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Inspired by this question: How to identify whether a publisher is genuine or not?

Many of the answers and comments seemed to assume The Writer's Guide and similar resources would be sufficient, but I don't know the norms in India.

I've seen in Workplace.SE many things I thought were unneeded detail or unusual in assumptions (from my US-centric perspective), but users familiar with German's employment practices (for example) would know exactly why indicating certain information was relevant. Similarly, in Academia.SE, indicating one's general field really influences advice: a History PhD vs a Molecular Biology PhD would have different expectations on number of publications or presentations that matter, if departments are assumed to have budgets for travel or TAs, etc.

Often the first comment to questions is "Needs a country tag or my advice may be totally wrong."

I don't think ALL of the writing questions here would benefit from location tags, but clearly ones that have something to do with publishing, rights, distribution, and copyright do.

Which countries/regions should be represented? I'm assuming that if we create a few model ones as relevant, then others will create/append new ones as necessary. For example, Maryland has the best flag, but our copyright law is the same as the rest of the US, so no need to go that granular. (If we were Workplace.SE, granularity to the state level may be relevant, as the worker's protections vary differently.) Maybe the EU is also unified? Or are there variations in European publication and copyright practices, just as in their employment ones?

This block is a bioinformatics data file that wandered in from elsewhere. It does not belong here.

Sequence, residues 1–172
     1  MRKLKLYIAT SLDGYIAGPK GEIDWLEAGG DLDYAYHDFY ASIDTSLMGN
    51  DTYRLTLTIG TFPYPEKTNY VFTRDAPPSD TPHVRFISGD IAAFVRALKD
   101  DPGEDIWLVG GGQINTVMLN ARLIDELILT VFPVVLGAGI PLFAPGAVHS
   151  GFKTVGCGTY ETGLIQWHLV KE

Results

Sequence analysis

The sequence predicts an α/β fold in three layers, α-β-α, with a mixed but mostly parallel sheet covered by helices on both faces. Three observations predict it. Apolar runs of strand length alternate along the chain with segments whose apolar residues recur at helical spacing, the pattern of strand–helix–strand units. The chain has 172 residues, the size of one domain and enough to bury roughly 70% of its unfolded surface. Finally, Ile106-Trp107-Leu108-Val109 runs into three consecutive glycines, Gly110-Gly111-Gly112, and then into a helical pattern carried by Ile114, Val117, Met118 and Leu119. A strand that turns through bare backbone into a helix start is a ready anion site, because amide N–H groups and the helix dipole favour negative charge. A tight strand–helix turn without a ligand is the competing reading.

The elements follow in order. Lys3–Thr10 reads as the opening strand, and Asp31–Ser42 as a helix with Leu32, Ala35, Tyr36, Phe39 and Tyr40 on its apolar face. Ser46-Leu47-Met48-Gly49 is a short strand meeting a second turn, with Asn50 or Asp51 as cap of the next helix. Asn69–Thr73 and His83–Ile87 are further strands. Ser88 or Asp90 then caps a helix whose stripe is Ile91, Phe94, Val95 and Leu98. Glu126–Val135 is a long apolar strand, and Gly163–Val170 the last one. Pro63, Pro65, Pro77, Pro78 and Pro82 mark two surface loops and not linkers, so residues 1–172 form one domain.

This could also allow viable not-duplicates, as a user may say "ok, that was a great answer covering the US, but in Korea...." Similarly, a user could search the tag for their own country and see if we have already addressed the issue in a non-US-centric way.

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    When would you want to use a tag versus make the locale, if relevant, clear in the body of the question? – Monica Cellio Sep 26 '19 at 14:29
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I absolutely agree with you April that people should be clear about their location when relevant (ditto with their language when that's important to a question). On the flip side, those of us in the US (and I'm including myself here) need to remember that a huge percentage of users are not in the US.

I don't think doing this via a tag is the way to go. There are an awful lot of countries in the world and that's a lot of tags. Of course they'd get created as needed, not ahead of time, but still. We can't just do it regionally because the laws are really different in different places. What's true in Singapore may not fly in Indonesia.

It also means carefully policing new tags. People will create them constantly without discussing them on Meta (which would make sense if we used them) but the breakdown may be different. We might end up with one for each US state, even though copyright law is federal (but many other writing-related laws are state by state). There are laws that are for every country in the European Union, and laws that are country by country.

In addition, it makes more sense to have fewer questions that deal with an issue vs, say, 100 questions on libel law, each for a different country (or state).

I suggest we do not create location tags but that we encourage people to mention location when relevant to a question (even putting questions on hold if the poster is not responsive to the request and it's necessary). This might include editing wiki in places to remind posters of the importance of mentioning location.

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